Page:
Biden’s cybersecurity summit represents a call-to-action for businesses

September 17, 2021

President Biden met last month with the CEOs of major corporations like Apple, Amazon, IBM, Google, Bank of America and JPMorgan Chase to discuss our nation’s growing cybersecurity challenges. In the meeting, he called on leaders to increase efforts to battle cybercriminals, stating that both the public and private sectors must address cybersecurity. But the government’s interest in lax cybersecurity also includes a Senate-approved $1.2 trillion infrastructure bill with a $2 billion earmark for cybersecurity initiatives. The bill still awaits House approval.

As the federal government lays down the gauntlet for a more focused approach to cybersecurity, we wonder how businesses will respond. If history serves as an indicator, it’s clear that the private sector must do more than it currently has. For context, the famed Target breach in 2013 represented the benchmark for such incidents. But since then, there have been countless incidents across industries, such as SolarWinds and Colonial Pipeline. Just recently, T-Mobile experienced its fourth notable breach in as many years.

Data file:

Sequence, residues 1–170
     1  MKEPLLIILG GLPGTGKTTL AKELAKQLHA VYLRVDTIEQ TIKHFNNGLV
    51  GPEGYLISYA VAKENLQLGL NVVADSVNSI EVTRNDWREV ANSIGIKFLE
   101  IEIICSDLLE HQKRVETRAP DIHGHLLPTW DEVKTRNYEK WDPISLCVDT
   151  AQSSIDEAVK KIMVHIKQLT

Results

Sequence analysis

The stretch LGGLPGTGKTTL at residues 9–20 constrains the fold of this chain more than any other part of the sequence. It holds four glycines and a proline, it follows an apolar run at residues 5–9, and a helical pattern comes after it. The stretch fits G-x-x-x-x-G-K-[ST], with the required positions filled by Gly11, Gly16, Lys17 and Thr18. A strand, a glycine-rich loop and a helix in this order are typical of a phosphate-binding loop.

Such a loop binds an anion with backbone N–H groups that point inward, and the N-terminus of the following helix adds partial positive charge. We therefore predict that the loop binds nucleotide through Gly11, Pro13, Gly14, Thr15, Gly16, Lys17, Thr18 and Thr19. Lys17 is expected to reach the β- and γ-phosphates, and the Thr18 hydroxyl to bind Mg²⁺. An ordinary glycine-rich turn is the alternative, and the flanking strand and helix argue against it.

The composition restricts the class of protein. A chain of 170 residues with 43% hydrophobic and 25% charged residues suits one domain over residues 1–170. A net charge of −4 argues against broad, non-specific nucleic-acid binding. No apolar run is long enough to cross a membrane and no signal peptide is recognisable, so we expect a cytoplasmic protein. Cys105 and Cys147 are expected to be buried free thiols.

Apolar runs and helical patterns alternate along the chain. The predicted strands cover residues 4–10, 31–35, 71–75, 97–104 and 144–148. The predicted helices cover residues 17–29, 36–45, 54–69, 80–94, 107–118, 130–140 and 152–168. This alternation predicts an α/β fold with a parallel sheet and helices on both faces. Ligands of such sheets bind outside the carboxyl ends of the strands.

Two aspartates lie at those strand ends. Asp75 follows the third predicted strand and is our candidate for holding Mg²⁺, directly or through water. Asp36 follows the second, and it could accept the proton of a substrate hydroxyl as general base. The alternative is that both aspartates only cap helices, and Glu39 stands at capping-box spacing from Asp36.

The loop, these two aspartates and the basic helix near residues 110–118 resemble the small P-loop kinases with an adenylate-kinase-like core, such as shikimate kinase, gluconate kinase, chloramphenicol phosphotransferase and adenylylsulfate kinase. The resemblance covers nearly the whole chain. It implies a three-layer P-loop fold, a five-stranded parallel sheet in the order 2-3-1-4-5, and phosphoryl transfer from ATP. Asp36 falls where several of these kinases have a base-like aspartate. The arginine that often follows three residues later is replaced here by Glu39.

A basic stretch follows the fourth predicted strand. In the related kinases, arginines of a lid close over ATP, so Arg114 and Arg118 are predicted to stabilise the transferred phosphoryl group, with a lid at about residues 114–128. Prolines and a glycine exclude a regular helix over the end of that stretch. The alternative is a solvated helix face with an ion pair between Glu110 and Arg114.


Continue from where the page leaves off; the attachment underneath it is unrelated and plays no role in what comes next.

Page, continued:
With each passing year, security breaches get more sophisticated and expensive and impact more people. IBM’s 2021 “Cost of a Data Breach” report found that the average incident cost organizations more than $4 million in 2020, a record high. But more concerning is that it took organizations 287 days to detect and contain a breach on average—a week longer than the year before. T-Mobile’s breach stole personal information from more than 54 million customers, according to the latest tally. As cybercriminals continue to stay ahead of the curve with inventive ways to exploit new vulnerabilities, we must ask ourselves if organizations are doing everything within their power to stop—or at least slow them.

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